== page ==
Global cooking: A nightmare for East Coast mokopuna

By Taroi Black
Photo / File

The Tairawhiti Region face the worst possible scenario in climate change, could escalate from 1-5 hot days a year to 80 by the end of the century.

To address the issues impacting on the region’s taiao is the Tairawhiti Climate Summit that draws its conclusions from experts attending the kaupapa held at Te Tini o Porou in Turanga Nui a Kiwa today.

East Coast Map from 1995 to 2090. Photo / NIWA

This hui will host a panel of key speakers from across the globe to project ‘climate futures’ in models based on the National Institute for Water and Atmospheric Research (NIWA).

Maori environmentalist and organizer Tina Ngata fears the safety of future Tairawhiti mokopuna. It is forecast by NIWA climate change will have major impacts on the ecosystem, human health and the economy.

“I knew there would be changes but I didn’t realise they would be that severe”, she says.

Australian bushfires. Photo / File

A huge wake-up call was by far the Australian bushfires that ravaged 7.3 million hectares (17.9 million acres) across its six states – an area that is much bigger than 50 New York cities. 28 people died nationwide, with 3000 plus homes damaged or destroyed.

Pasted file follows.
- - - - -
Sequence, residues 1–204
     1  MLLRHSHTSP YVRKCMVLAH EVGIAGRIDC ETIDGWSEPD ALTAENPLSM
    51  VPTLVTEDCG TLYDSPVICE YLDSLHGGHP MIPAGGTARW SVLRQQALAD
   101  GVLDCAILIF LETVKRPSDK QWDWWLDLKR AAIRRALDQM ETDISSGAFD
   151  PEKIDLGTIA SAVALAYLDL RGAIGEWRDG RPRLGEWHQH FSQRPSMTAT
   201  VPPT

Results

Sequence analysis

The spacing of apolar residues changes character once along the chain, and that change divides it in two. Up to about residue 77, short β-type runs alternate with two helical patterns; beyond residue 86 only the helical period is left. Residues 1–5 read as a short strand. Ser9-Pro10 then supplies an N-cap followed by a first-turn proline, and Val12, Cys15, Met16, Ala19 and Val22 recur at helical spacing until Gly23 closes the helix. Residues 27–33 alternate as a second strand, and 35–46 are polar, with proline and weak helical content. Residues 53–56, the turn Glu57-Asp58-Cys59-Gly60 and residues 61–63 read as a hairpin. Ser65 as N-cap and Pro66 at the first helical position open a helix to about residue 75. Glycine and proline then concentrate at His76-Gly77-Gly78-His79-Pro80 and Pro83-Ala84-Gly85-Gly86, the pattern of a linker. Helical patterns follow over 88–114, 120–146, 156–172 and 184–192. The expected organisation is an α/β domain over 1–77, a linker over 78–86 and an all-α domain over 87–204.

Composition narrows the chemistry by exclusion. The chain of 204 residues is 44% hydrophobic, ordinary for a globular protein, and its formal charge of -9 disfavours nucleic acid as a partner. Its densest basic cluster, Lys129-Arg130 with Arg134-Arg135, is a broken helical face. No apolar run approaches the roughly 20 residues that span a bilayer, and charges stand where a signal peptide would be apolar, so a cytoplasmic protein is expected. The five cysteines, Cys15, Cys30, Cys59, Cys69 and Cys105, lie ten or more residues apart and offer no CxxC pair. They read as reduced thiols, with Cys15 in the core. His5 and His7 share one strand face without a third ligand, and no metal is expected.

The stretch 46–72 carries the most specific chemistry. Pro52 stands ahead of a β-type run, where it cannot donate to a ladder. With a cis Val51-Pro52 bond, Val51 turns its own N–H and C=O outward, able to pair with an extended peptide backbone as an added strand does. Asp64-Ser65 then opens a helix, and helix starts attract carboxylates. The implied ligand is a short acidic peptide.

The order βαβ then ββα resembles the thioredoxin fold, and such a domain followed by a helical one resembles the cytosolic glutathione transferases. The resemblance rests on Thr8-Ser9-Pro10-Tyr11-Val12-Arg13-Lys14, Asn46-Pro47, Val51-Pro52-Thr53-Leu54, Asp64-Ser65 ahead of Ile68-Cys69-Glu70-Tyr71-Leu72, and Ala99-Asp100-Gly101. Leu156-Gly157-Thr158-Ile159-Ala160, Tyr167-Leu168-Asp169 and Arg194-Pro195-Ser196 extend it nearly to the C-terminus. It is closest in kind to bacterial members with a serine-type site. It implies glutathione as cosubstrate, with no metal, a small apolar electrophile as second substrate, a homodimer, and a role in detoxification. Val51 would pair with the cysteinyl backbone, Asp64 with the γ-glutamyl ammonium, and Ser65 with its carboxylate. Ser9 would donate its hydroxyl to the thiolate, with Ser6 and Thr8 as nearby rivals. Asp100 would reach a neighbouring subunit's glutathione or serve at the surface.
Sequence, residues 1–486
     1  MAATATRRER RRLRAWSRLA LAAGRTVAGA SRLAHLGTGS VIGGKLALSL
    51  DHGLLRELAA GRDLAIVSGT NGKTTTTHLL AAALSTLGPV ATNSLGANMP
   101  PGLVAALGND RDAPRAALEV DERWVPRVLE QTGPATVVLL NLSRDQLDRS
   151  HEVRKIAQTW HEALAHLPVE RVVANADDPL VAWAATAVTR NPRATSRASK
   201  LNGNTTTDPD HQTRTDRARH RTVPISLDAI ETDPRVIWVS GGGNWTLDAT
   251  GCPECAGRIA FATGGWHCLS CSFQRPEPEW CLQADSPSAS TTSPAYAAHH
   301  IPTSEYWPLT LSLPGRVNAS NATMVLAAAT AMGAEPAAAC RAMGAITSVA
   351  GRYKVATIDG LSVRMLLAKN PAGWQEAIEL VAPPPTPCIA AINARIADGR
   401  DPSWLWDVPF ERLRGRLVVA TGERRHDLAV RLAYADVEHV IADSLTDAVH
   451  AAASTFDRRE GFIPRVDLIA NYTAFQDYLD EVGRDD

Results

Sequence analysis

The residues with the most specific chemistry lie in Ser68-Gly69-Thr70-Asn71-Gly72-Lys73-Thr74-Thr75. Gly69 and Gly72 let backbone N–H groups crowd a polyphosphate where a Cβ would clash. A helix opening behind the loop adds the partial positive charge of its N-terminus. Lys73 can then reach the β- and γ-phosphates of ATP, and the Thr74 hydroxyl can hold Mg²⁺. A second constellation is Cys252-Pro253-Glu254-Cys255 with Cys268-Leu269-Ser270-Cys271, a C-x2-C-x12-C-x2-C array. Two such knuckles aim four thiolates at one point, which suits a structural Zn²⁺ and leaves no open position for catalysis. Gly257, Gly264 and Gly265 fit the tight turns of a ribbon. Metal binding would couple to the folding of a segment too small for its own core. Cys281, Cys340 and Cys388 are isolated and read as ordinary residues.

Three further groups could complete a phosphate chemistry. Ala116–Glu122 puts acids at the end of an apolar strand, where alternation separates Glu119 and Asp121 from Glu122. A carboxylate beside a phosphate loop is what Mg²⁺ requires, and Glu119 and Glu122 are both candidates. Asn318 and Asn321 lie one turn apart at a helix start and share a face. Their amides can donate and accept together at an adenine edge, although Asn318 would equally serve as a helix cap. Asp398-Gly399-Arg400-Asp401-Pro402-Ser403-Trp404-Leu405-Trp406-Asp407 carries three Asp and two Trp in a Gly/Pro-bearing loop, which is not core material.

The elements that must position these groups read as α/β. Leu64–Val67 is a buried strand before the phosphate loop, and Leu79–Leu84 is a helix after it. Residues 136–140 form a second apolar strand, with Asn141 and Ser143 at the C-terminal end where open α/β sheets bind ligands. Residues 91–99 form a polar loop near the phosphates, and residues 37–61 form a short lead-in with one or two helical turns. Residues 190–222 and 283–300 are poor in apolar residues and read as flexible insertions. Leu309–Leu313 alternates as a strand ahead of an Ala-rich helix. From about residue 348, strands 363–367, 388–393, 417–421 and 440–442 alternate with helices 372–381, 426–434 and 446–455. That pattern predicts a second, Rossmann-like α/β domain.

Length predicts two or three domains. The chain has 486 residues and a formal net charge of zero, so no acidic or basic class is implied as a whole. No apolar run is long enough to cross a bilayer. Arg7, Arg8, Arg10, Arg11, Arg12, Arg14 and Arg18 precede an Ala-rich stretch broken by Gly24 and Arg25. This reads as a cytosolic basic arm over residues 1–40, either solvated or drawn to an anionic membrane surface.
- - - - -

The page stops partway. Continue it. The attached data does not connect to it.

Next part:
But one of the biggest threats when certain parts of Australia went into a state of emergency, was the killing of half a billion animals which included birds, reptiles, and mammals, except bats.

Photo / file

The koala, a national symbol was almost wiped out in the state of NSW and a third of their habitat gone.

According to the Global Fire Emissions Database, the bushfires may have contributed 900 million metric tons of carbon emissions.

Wikimedia / Source

A climate action is on the cards in this decade to avoid future problems in Tairawhiti.

“A lot of what we hear on the news about climate change relates to the polar caps, or the Amazon, or at the moment, Australia – but this summit will help us to make sense of what climate change will mean for our own fire risk, for our seafood stocks, for our rivers.”

Tina Ngata. Photo / File

Ngata also explains the best way forward is having a “zero emissions economy” to be carbon neutral and resilient to climate changes by 2050.

Now the Gisborne District Council and Trust Tairawhiti see the need to support whanau by having a regional emissions profile and reduction plan.

Climate Commissioner James Renwick and expert on climate change and human health, Rhys Jones will take part in the panel discussions.

Issues revolving around freshwater, wetland and coastal marine impacts; economic futures; biodiversity and biosecurity are some of the arguments to lead the hui.